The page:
“Domestic and international visitors provide long-lasting impacts to communities across New Zealand. They contribute to conservation projects, help preserve cultural heritage, bring vibrancy through events, and generate employment that can benefit the entire community. But people and community come first and it’s important for the regions to consider how tourism supports their aspirations.”
This week submissions from the public to inform the creation of New Zealand’s future tourism system closed. The Tourism Futures Taskforce will consider these and make recommendations to the Government.
“New Zealand must embrace regenerative tourism. We have been given an opportunity to create a tourism system that is world-leading - one that truly gives back more than it takes."
“Many operators are already doing things in this space and more are being encouraged to look at how they can support regeneration - things like pest eradication, native planting, and making sure that for every customer there is some benefit on the environment as a consequence.“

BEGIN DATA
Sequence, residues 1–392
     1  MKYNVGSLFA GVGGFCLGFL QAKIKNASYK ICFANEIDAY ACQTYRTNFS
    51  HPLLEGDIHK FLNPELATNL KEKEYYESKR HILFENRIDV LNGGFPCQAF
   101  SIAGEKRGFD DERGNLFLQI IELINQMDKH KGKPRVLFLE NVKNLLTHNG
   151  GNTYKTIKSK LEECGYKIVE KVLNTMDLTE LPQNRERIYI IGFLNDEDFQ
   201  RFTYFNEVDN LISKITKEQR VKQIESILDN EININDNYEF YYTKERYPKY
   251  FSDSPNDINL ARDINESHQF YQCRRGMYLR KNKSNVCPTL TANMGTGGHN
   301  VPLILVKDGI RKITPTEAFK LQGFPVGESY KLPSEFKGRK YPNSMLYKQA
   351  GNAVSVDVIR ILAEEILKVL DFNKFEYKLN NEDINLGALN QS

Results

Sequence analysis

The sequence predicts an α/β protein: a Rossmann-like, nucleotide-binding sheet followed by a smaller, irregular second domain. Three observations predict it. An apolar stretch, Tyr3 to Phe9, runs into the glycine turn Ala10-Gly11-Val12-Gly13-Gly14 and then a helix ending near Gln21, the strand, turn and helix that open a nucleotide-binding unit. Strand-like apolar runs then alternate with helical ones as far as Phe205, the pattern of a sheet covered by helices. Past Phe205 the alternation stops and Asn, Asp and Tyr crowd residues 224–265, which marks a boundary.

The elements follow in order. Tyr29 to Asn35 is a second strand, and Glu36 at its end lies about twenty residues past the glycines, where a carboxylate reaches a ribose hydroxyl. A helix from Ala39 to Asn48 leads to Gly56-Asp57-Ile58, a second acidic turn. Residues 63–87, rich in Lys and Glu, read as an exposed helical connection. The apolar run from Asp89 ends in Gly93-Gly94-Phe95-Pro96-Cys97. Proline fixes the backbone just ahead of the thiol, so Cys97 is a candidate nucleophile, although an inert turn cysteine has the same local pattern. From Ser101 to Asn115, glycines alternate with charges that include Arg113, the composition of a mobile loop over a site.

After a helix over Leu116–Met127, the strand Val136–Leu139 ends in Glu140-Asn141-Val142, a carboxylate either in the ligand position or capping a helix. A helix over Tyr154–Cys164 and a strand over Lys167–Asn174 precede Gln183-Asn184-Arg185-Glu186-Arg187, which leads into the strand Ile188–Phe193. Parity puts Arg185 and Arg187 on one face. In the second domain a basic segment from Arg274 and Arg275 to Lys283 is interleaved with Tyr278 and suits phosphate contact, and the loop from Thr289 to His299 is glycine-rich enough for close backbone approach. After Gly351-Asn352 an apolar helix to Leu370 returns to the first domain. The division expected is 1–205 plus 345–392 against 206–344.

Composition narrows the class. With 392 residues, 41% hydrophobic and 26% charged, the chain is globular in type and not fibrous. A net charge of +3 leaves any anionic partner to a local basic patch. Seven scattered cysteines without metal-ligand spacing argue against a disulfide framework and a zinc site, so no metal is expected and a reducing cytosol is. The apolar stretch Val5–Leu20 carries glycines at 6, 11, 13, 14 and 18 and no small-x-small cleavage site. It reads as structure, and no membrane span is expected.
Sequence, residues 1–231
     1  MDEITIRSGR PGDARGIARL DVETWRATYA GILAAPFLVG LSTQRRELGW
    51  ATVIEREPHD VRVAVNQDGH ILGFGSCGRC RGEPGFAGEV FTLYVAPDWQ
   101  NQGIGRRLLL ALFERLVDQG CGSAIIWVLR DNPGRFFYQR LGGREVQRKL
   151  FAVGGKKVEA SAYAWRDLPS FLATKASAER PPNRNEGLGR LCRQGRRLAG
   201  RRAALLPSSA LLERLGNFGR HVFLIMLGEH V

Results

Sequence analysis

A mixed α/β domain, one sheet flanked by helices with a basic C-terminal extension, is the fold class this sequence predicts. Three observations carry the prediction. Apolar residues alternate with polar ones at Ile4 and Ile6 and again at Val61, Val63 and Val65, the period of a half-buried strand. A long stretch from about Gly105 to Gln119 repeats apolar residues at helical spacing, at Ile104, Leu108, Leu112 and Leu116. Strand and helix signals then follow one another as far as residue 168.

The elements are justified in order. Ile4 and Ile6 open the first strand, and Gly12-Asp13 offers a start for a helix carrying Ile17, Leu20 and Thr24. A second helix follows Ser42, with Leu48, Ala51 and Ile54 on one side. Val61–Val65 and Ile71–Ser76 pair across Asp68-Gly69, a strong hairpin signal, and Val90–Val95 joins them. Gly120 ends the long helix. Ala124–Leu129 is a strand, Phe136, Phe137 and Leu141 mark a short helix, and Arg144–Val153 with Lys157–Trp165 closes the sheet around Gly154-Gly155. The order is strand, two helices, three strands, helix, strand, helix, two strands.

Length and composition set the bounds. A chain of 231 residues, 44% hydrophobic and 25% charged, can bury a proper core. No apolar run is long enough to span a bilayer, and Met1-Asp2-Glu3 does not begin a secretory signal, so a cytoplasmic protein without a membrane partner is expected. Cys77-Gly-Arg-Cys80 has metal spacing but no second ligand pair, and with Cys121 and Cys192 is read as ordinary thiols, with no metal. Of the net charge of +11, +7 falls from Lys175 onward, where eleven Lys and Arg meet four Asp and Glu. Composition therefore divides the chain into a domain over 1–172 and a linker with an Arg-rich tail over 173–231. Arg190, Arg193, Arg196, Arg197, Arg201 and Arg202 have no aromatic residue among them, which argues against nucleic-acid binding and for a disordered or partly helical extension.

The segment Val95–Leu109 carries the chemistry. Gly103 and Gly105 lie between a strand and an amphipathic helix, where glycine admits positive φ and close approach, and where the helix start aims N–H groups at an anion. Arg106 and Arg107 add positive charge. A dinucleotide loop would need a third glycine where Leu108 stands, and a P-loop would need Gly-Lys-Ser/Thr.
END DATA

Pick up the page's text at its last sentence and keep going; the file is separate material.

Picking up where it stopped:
“New Zealand has a wealth of operators who are championing regenerative tourism but there is much more work to be done.”
This year's World Tourism Day theme is “Tourism and Rural Development”, which highlights the unique role that tourism plays in our regional communities.
Pūkaha National Wildlife Centre in the Wairarapa is leading the way by giving back to New Zealand through its conservation efforts and its local community.
According to Pūkaha National Wildlife Centre General Manager Emily Court, they are seeing a lift in domestic visitors: “I’d just like to thank all the New Zealanders who hit the road and are coming out and supporting tourism providers because it’s making a real difference to the likes of Pūkaha, to conservation projects like this. We can’t do it without your support.”